US schools are in a historically rare situation — flush with cash on the heels of hundreds of billions of federal stimulus dollars intended to help blunt the impacts of the pandemic. But is it enough? Although schools have the cash currently, there is still a shortage of teachers. And what happens once the money runs out? This article from Bloomberg discusses the challenges that schools are facing as a result of the pandemic.
Source: Bloomberg | Repost Fight for Life Foundation 8/25/2022 –
On Aug. 10, Hillsborough County Public Schools started the school year short 620 teachers — a more than threefold increase from last year when there were just 181 open positions.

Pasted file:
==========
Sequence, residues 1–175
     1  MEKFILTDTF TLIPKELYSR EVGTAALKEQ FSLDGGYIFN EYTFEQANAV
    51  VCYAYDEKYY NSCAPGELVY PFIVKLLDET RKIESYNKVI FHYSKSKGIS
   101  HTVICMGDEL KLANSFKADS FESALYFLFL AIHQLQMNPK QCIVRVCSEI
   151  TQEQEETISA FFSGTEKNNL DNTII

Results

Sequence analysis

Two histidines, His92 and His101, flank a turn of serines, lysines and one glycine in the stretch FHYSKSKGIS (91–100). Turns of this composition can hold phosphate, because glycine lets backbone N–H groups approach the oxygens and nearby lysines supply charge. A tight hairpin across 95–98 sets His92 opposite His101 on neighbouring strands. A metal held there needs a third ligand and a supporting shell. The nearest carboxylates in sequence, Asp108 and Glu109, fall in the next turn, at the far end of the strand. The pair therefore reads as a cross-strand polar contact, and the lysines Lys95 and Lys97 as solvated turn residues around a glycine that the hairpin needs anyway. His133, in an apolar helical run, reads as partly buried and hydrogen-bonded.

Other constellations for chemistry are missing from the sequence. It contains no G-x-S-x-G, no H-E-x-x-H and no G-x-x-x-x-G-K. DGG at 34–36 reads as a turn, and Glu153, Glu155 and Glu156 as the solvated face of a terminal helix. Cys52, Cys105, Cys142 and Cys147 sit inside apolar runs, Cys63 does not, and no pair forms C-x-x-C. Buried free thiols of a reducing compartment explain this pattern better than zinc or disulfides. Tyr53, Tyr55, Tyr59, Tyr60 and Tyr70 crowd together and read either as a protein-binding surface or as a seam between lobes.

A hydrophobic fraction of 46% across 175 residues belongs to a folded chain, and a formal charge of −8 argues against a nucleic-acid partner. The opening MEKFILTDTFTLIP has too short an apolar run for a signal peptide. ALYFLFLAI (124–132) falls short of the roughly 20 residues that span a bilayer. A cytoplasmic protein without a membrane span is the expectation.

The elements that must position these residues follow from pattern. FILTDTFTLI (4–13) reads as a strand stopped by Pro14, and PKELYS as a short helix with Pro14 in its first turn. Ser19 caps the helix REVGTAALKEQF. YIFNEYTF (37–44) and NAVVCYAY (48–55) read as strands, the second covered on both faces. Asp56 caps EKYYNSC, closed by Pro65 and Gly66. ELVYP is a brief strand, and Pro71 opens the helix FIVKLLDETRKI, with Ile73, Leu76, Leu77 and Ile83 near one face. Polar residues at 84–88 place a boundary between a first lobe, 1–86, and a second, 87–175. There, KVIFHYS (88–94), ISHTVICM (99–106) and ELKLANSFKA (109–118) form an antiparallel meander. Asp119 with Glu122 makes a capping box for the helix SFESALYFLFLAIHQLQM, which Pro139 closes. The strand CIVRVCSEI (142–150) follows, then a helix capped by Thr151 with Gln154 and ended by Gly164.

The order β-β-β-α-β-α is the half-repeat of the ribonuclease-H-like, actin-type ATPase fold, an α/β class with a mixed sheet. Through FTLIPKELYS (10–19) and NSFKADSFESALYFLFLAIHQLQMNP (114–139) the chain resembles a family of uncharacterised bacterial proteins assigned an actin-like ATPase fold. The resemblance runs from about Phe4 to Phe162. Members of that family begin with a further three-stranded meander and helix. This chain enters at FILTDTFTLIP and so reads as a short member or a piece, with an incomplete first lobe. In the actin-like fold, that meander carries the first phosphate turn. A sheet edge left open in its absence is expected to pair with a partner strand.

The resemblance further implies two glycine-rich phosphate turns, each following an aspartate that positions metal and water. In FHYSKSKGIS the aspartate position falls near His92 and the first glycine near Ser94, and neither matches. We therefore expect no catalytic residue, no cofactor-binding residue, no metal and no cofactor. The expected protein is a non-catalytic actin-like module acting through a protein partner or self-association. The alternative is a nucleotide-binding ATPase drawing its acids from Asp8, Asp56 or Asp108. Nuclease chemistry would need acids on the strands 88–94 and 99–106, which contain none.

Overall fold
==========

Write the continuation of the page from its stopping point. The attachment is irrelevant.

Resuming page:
Officials in the western Florida school district spent $26 million to hike teacher pay, and used federal stimulus funds for $2,000 bonuses for special education teachers. But it wasn’t enough to fill the void in the classrooms.
Hillsborough isn’t alone. School districts across the country are feeling even more pinched by a tight labor market. While the extra money and more aggressive recruiting efforts are helping in some places, others are facing even steeper teacher shortages than the previous year — causing class sizes to swell and threatening to stagnate student achievement.
“The problem with any of the Covid money is that it’s one-time,” said Jason Lane, dean of Miami University’s College of Education, Health, and Society. “It’s not clear how those initiatives will sustain themselves.”